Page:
Lastly I aim for variety. For my ME page and store, I like to have models with different looks, different ages, different haircolors, styles, etc. I just feel that this helps my clothing appeal to a more diverse group of people, and it adds interest.
Of course, if I work with a model once and it's a great experience, then I'm very likely to use that model again. I always thank the model/mommy personally in my auctions & store listings, and I always refer other designers to them as well (with their permission, of course).
Now for all of the new model mommies:
1) Never shoot in direct sunlight. When shooting outside, wait for an overcast day or shoot in the shade.
2) Get down on the same level as the child (this usually means your knees). When you "shoot down" the child's head looks disproportionately large, and it's hard to see the outfit.
3) Make it a fun thing. The best shots of little kiddos (3 & under) are usually candids. Follow them around, snapping as you go. The best poses for little ones are those that they do themselves. Put on some fun, upbeat music and snap away as they dance along.
4) Take pictures from all angles, but the one to focus on is full-length front. Make sure you have several good ones to show off the set. Also zoom in on any special details on the outfit that might be missed from a distance.
5) Pick a location that suits the outfit. For instance, for a nautical set look for a local marina, and let your little one model with boats in the background, or if you're lucky and live near the beach, shoot some there. For a ballerina set, shoot the pics at a ballet studio. For a camping-themed set, how about outside with some trees in the background. It doesn't have to be elaborate. Just notice your enviornment when you're out. Is there a pretty fence somewhere that would make a great background? How about a fountain in a public park?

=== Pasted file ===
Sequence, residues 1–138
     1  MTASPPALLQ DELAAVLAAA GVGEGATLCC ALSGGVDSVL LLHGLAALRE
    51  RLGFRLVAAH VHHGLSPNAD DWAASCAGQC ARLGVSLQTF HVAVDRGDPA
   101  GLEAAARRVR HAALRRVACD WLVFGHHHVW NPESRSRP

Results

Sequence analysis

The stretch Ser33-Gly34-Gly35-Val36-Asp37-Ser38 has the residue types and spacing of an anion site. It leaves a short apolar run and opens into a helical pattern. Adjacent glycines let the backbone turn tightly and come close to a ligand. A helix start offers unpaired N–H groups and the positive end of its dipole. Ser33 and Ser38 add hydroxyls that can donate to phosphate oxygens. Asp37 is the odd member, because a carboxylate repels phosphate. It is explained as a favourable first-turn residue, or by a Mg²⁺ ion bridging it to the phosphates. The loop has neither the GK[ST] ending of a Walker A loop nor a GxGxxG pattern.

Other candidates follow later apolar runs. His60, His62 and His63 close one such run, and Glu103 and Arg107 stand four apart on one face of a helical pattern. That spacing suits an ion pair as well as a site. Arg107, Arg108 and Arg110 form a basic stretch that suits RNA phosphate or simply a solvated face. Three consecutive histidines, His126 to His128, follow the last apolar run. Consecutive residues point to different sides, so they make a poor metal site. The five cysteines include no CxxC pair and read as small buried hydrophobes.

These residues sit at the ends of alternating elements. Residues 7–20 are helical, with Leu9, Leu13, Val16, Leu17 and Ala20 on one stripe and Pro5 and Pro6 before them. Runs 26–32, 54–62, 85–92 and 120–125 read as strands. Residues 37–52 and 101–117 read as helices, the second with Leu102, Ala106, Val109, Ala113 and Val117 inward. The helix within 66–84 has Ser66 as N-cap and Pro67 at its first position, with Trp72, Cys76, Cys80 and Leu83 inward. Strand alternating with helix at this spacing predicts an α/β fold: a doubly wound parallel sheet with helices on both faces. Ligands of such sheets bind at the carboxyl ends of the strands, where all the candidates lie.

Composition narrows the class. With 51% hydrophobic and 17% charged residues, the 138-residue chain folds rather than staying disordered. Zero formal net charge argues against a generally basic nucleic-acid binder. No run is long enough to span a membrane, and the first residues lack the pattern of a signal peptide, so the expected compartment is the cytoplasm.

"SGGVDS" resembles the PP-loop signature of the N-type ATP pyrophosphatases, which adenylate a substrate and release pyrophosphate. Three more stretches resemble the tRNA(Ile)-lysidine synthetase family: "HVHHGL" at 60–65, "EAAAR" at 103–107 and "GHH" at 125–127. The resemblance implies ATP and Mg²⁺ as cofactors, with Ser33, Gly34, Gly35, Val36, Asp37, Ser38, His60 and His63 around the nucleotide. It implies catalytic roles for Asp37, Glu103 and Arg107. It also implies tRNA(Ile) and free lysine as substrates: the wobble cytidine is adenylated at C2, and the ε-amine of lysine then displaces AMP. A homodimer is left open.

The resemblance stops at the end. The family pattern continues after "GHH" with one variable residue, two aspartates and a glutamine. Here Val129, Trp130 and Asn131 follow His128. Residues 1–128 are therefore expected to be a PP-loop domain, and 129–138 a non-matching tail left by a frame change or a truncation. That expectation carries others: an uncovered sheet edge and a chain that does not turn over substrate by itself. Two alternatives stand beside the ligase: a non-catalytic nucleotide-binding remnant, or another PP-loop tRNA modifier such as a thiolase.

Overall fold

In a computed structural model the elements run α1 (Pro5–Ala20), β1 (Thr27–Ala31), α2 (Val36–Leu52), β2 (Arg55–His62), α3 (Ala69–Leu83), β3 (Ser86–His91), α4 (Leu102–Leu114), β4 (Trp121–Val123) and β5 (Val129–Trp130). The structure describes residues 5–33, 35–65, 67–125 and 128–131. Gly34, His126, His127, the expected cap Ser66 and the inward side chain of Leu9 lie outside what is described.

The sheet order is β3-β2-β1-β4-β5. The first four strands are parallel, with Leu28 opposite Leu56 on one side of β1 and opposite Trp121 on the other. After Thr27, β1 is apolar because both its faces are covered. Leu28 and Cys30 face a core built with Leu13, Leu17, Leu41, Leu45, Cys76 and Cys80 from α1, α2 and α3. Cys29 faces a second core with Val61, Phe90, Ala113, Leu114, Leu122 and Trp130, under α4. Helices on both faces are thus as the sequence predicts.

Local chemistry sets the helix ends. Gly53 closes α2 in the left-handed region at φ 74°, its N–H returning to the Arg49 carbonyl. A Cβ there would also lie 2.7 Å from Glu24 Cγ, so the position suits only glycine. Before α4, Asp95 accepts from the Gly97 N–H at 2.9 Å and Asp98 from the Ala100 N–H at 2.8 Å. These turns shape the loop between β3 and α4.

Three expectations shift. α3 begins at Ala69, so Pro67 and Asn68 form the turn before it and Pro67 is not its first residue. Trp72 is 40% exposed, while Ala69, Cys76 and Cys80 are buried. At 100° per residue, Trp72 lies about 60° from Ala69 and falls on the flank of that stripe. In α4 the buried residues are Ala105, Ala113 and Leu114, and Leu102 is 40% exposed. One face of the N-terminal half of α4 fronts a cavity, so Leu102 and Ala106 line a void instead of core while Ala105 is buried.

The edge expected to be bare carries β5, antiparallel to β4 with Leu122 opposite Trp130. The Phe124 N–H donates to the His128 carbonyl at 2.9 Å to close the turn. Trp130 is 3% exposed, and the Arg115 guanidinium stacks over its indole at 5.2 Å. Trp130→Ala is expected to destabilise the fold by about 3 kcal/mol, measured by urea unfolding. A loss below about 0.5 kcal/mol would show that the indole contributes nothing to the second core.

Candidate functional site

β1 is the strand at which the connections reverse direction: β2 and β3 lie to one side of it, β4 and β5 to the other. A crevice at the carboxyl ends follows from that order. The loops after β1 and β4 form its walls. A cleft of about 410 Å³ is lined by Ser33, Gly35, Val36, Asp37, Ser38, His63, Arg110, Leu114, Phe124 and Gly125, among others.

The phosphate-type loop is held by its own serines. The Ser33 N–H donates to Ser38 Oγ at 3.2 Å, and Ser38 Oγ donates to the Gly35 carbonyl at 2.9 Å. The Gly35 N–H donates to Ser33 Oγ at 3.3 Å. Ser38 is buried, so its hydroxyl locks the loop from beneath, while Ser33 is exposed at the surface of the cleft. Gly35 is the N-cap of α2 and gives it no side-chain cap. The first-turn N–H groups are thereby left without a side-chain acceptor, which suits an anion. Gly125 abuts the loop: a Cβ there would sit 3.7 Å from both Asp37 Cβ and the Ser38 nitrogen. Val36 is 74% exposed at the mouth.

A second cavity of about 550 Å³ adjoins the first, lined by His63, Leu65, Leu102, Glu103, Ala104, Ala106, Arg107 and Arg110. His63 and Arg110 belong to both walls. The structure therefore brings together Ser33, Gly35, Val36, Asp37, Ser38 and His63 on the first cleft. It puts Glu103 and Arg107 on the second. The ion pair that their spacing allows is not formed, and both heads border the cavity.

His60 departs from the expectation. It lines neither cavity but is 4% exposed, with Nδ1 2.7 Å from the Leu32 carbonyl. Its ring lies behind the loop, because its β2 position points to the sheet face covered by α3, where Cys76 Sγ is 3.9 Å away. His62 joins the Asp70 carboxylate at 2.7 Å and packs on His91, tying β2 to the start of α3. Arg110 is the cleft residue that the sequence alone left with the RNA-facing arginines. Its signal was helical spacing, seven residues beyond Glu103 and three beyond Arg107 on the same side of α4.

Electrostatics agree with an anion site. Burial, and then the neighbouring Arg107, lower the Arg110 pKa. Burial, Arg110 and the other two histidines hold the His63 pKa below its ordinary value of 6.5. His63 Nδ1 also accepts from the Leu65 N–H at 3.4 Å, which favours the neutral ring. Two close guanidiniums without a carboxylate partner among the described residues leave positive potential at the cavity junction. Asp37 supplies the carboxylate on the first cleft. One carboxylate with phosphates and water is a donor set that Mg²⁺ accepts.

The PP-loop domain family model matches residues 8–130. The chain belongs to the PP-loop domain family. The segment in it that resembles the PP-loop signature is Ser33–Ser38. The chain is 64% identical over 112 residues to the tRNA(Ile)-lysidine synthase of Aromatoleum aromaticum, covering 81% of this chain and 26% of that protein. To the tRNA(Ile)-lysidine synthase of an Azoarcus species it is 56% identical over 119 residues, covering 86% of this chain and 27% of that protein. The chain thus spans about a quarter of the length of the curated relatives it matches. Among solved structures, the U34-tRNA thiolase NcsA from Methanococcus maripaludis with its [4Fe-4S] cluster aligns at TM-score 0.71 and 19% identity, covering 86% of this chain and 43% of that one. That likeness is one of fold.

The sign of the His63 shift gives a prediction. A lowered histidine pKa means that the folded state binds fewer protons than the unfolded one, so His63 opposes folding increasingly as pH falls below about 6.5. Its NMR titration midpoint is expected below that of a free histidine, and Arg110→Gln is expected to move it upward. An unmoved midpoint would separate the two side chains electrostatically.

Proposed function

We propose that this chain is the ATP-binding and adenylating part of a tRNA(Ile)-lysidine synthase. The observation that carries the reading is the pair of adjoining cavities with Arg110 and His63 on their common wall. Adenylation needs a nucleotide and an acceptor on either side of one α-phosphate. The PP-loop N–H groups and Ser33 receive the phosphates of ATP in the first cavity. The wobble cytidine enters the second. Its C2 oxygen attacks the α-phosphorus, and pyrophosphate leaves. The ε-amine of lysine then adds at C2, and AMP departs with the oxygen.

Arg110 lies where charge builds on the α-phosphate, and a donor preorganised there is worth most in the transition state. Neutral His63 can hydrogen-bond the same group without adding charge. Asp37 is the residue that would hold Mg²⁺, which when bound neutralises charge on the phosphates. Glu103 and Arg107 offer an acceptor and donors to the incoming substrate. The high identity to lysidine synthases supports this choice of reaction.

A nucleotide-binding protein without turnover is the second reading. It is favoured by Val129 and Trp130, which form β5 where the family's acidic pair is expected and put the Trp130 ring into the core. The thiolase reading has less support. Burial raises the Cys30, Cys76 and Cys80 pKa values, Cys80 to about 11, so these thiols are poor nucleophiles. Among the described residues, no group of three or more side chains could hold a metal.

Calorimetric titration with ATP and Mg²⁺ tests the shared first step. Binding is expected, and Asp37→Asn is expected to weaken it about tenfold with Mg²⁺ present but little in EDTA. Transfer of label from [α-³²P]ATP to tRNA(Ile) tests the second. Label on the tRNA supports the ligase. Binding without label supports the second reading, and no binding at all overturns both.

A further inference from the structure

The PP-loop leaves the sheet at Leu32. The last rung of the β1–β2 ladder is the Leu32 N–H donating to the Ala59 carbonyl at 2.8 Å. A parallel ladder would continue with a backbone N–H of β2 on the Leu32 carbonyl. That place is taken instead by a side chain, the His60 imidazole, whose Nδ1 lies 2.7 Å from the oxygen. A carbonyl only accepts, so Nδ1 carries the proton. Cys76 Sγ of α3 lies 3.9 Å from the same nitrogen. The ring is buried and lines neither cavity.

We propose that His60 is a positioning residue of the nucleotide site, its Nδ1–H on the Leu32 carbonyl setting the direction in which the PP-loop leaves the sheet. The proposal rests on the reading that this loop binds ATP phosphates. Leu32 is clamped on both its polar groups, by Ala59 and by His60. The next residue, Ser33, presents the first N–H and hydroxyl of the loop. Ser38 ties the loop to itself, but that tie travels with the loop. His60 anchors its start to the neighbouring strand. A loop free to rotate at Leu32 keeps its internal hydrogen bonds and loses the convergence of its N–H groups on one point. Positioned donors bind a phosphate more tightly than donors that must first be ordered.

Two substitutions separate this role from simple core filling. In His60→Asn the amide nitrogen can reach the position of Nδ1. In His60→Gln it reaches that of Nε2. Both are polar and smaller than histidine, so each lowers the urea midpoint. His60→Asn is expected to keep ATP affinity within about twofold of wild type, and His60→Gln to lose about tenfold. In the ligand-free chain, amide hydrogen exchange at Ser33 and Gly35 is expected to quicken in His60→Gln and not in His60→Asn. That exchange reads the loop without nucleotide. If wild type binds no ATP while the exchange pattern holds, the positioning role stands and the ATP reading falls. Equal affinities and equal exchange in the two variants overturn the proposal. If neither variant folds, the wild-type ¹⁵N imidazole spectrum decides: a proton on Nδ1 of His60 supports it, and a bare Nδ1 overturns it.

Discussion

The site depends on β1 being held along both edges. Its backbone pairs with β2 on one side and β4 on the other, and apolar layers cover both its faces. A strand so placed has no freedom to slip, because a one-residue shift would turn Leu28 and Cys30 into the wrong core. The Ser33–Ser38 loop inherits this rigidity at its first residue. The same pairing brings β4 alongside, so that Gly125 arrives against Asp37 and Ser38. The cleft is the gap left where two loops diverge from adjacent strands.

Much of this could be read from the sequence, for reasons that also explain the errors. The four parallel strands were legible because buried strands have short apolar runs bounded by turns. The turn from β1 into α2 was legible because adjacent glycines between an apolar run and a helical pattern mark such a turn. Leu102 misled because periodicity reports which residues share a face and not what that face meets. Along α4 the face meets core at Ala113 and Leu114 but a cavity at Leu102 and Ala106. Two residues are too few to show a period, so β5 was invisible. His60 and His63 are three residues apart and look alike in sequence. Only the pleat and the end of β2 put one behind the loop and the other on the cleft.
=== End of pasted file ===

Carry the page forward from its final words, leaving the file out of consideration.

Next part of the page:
6) (If you are also offering editing services) Send both the "enhanced" image, with a border, or the seller's ID or whatever you've added along with the original shot, in case they want something plain to edit themselves (not me, I'm not an HTML person!) Along with the pics, send an e-mail that states, "You have my permisson to use these pictures of my child in your auctions and on your ME page," clearly stating what you are allowing the photos to be used for. If you don't, expect an e-mail from the designer asking if she may have your permission. (Sending permission up front just cuts out an e-mail!)
7) Follw-up with the designer. As a new "model-mommy" you want to learn from all of your experiences. Ask the designer if she is pleased with the pictures, and was there anything that could improved upon next time? Leave the door open, if it was a great experience for you, tell her that you'd love the opportunity to work together again. (This could lead to another "job"!)
8) Very important: If you liked the outfit, and it was well-made, advertise for your designer. Get involved in the boutique groups on eBay and show off your little model in the designer's outfit. (I would never endorse something that I wouldn't buy myself, but...) If it's a really great set, show people! This helps promote the designer and the model.
9) If your arrangement with the designer is to ship out the set to the winning bidder, do so in a timely manner, and take care in how you package the outfit...or if you are to ship it back to the designer, do so as soon as you have finished photography and have been paid.
I hope this guide has helped you. If you feel that I've over-looked anything, please send me an ASQ and I'll update this guide. If you are a designer and would like some model referrals, send me an ASQ. I'll be happy to put you in touch with some awesome model mommies.